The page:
Social Impact

26 Jan

Oh my, it’s been a really busy few weeks! Remember the British company we worked with in Delhi? Out of the blue they contacted me to see if I’d work on the sustainability part of a tender submission they’re putting together. I said,”Really? You’d pay me for doing something I enjoy? Yes please!” So I’ll be taking the next week to focus on this, but I’ll be be back soon to finish our project story.

Before signing off, I wanted to share with you a little piece of interesting reporting. It’s about trying to answer questions triggered by the journalist in my earlier post: why should the Games give you waste over giving it to poor people who lost their slum homes because of this event?

But did this really happen? Did people lose their homes because of the Games?

I never had much opportunity to physically go out and look for evidence of slum clearing by the city’s authorities during the Games. But a couple of enterprising Big Picture photographers did, and here’s what they documented:

Delhi slum clearing

Indian slum dweller Amit Kumar stands on the spot where his hut was demolished in New Delhi on September 27, 2010 as reported on Boston.com's The Big Picture (MANPREET ROMANA/AFP/Getty Images)

Delhi slum kids

Children search for their belongings among the debris of demolished shanties in Gurgaon, in the northern Indian state of Haryana, September 30, 2010. The shanties were demolished by municipal workers near the Commonwealth Games shooting range on September 28, local media reported. (REUTERS/Parivartan Sharma)

Even more compelling evidence is revealed in Sumita Dasgupta’s startling piece on the unintended impact of clearing out the Gurgaon’s slum communities. I’ve sampled a small part of her article here, but I do recommend reading the full piece if you have 5 minutes to spare:

“…While the outer layer of the city had begun to shine, the colonies lying in the inner circles of Gurgaon suddenly looked shockingly shabby…The lanes inside the colonies were drowned in garbage, with plastic bottles, decaying vegetables, broken glass pieces strewn all over. This flood of filth had spilled over to Gurgaon’s arterial roads as well. The litter bins standing outside the gates had practically disappeared under the burden of waste.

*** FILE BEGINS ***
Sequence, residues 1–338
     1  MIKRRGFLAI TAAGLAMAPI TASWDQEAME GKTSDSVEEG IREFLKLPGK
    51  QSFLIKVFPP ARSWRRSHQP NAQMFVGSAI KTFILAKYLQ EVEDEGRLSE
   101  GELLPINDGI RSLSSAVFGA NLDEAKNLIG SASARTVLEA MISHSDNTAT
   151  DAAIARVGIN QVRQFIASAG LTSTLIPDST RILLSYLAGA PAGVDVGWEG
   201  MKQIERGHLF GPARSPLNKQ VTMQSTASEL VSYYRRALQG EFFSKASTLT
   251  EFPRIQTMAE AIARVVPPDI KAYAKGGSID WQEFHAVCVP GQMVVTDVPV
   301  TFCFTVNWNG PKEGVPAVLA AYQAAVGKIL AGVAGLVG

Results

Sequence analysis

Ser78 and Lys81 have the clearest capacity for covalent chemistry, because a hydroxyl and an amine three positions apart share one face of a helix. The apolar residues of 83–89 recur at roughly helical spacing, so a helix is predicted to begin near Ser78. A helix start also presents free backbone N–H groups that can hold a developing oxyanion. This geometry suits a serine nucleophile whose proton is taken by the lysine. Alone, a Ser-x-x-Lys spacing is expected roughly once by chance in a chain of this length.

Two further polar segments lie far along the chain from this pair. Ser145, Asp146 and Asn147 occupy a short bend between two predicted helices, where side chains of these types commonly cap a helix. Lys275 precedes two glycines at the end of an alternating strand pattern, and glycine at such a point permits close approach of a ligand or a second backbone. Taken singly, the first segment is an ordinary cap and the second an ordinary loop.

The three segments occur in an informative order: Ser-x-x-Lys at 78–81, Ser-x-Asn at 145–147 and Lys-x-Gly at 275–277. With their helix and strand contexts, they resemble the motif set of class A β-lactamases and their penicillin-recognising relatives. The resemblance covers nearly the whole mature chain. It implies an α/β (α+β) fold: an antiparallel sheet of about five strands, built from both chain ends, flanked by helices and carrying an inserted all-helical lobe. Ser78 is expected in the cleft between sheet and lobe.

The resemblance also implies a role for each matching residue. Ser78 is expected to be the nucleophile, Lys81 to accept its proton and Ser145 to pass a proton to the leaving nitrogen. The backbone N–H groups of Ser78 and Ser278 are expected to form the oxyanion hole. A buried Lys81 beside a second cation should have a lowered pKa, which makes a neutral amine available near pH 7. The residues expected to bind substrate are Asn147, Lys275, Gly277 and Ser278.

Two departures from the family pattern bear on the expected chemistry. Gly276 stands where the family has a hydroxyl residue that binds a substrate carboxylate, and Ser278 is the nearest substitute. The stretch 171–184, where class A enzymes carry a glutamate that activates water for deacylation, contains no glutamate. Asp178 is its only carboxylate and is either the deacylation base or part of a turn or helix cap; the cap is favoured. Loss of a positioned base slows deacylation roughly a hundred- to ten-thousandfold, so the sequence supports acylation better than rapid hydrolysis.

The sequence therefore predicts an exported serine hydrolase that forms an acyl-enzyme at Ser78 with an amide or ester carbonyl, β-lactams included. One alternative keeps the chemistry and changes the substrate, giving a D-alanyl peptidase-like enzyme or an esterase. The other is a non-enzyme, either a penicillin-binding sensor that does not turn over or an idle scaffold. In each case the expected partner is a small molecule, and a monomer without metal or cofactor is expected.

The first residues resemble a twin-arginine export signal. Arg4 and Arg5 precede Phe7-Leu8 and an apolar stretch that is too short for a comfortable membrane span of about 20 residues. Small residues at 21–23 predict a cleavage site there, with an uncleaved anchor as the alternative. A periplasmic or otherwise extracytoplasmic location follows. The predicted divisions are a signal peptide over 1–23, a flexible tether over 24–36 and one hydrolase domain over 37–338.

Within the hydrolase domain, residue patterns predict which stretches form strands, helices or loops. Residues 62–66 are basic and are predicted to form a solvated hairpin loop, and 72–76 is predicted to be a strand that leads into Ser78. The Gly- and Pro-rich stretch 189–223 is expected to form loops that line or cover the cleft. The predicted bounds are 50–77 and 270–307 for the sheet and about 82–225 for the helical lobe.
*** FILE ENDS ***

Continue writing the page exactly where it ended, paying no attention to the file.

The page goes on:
So what went wrong? Well, when in the run up to the Games, the Gurgaon authorities decided to remove the slums, and drive out (albeit temporarily) the panic stricken people living there beyond the borders, they obviously had not realised how lethally this move was going to affect their Clean-Up operations. With the slum population gone, the lowest and the most critical link in the ranks of the city’s waste managers had gone missing too…” Games, Garbage and Gurgaon, Centre for Science and Environment, 13 Oct, 2010

So I guess there was a cost to the Delhi 2010 Games that may not readily show up on any final accounting reports – because, dear readers, it was human.

P.S. In case you haven’t clocked it yet, where an image, idea or words are from someone else I’m trying to make sure they’re fully attributed. It’s always a tricky one when you don’t have a lot of money to pay someone for their creative output (which is – as my creative professional friends say – the ultimate in attributing!)

But I was reminded there’s still a lot of value in ‘right proper’ sharing on the internet by Rosscott and Loldwell’s amusing comic strip on the topic. It’s ‘pretty cool’…so I’m sharing it… with credit…where it’s due.

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One Response to “Social Impact”

  1. Kel January 27, 2011 at 7:46 am #

    If you haven’t already seen it, then Kevin McLoud’s ‘Slumming It’ 2 pt doco on Mumbai’s Dharavi slum is a must and brilliant – not just showing “the lowest and the most critical link in the ranks of the city’s waste managers” but ALL the links. It makes you wonder what impact working with large waste companies in the Games, may have had on the slum dwellers’ livelihoods.

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